Per- and polyfluoroalkyl substances (PFAS) are a large group of man-made chemicals that include perfluorooctanoic acid (PFOA) and perfluorooctanesulfonic acid (PFOS). PFAS have been used globally during the past century in manufacturing, firefighting and thousands of common household and other consumer products such as but not limited to:
PFAS chemicals are persistent in the environment and in the human body - meaning they don't break down and they can accumulate over time. In recent years, experts have become increasingly concerned by the potential effects of high concentrations of PFAS on human health. PFAS move easily through the ground and may get into groundwater that is used for some water supplies or for private drinking water wells. When spilled into lakes or rivers used as sources of drinking water, they can get into drinking water supplies.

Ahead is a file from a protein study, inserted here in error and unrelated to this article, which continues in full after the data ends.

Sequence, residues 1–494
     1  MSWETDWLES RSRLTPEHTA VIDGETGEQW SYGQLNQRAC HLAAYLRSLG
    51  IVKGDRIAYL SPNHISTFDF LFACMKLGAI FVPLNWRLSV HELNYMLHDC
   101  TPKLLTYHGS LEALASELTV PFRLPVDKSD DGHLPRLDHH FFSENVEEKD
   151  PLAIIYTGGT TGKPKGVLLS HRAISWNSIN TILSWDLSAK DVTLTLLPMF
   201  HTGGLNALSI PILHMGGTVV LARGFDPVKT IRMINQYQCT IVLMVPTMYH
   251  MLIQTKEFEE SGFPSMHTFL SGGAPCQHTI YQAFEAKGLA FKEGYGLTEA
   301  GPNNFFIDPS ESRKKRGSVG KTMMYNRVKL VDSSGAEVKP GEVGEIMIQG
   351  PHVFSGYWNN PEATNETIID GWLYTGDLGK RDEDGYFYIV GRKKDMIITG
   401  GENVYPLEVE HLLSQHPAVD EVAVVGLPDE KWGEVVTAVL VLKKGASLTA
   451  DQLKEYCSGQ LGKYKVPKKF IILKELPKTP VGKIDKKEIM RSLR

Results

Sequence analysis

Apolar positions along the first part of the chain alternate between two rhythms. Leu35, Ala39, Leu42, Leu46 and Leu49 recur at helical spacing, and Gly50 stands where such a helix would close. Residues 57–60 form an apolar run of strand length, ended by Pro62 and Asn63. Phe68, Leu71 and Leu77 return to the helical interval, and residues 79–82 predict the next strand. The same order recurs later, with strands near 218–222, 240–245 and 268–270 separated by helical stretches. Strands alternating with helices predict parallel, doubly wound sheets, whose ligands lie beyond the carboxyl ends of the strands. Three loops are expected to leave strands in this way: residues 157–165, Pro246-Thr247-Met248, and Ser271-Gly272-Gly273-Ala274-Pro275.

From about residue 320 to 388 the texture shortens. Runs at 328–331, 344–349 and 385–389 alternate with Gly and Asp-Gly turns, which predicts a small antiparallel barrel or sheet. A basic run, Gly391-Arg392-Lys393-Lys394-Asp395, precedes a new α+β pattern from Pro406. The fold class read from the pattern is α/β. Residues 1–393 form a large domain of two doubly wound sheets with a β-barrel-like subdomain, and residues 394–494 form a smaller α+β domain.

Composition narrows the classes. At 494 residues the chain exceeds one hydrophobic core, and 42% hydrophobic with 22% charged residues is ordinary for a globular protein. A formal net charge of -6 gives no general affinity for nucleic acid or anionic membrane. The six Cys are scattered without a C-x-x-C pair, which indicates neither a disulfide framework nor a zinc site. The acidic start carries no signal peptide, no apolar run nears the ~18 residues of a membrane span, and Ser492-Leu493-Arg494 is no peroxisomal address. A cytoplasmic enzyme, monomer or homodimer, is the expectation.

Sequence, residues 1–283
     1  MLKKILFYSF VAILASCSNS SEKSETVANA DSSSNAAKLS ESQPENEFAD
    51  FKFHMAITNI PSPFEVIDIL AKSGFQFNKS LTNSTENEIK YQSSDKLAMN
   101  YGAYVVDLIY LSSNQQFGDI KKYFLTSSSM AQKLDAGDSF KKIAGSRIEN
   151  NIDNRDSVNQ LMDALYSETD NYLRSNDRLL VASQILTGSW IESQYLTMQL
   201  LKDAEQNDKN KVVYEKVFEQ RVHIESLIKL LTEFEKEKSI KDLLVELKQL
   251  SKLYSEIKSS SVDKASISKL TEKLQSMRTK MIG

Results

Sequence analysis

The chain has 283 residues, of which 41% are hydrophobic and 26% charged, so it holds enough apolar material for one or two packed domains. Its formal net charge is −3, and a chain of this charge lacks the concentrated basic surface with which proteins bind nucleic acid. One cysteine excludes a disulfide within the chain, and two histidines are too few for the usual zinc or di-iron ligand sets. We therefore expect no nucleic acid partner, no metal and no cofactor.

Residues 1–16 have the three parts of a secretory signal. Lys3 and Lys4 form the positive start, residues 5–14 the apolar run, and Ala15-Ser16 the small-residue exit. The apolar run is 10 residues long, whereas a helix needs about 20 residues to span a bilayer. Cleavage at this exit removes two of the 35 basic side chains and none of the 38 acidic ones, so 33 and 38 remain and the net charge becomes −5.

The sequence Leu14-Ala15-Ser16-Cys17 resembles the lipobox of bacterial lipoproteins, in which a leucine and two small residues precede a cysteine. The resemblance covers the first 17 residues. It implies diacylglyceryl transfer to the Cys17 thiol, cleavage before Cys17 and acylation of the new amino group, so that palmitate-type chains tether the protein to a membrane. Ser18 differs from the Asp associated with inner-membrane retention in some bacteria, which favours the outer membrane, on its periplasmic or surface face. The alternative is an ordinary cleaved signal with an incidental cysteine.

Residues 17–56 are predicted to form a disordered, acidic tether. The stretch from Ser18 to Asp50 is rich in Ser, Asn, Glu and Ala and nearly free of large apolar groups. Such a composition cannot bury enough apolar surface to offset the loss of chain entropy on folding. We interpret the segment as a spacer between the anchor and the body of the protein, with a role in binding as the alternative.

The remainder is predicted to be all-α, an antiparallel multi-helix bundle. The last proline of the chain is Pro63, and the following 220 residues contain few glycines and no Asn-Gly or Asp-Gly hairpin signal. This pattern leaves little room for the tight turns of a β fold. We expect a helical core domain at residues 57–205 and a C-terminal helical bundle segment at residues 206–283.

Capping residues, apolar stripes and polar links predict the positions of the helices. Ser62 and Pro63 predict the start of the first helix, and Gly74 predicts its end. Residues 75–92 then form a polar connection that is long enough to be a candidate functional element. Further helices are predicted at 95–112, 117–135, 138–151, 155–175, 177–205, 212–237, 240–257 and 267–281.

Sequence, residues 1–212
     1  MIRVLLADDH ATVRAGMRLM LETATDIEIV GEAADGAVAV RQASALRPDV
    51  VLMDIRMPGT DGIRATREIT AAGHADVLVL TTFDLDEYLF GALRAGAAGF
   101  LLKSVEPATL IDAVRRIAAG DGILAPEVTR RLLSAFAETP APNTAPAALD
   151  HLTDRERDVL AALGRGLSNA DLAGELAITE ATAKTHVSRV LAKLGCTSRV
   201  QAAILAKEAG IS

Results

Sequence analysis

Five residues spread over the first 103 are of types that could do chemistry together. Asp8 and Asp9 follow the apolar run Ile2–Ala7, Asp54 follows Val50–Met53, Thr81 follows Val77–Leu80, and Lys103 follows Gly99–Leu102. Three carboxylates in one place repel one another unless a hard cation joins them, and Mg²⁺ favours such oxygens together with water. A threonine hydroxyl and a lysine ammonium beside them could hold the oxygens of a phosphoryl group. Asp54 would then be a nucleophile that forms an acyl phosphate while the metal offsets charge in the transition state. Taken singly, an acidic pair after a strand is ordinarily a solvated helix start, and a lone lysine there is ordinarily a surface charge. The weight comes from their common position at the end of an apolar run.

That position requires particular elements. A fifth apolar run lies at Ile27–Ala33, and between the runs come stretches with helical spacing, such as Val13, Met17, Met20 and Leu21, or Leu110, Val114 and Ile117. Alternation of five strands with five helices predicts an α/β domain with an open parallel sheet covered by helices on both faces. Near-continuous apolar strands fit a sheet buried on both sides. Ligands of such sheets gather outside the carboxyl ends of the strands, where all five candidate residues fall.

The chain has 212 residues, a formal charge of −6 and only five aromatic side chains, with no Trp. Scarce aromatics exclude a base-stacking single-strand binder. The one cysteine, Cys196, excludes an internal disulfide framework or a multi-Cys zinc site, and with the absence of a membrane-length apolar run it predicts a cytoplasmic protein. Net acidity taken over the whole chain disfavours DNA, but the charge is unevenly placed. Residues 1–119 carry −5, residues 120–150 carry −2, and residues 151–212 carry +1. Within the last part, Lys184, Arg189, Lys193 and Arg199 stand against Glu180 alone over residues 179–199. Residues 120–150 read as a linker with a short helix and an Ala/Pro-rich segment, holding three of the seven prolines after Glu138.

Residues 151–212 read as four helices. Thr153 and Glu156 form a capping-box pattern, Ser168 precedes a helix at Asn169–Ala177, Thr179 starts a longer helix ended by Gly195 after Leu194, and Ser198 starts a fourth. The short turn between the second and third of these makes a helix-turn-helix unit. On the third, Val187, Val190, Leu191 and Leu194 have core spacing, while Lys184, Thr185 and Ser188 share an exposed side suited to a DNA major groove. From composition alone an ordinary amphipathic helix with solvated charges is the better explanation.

Approximately 75% of Michigan residents get water from a public water supply and approximately 25% are on private wells.
What is PFAS and why are some communities affected more than others by it?
To answer these questions and more, watch this video for an animation of how PFAS gets into our environment.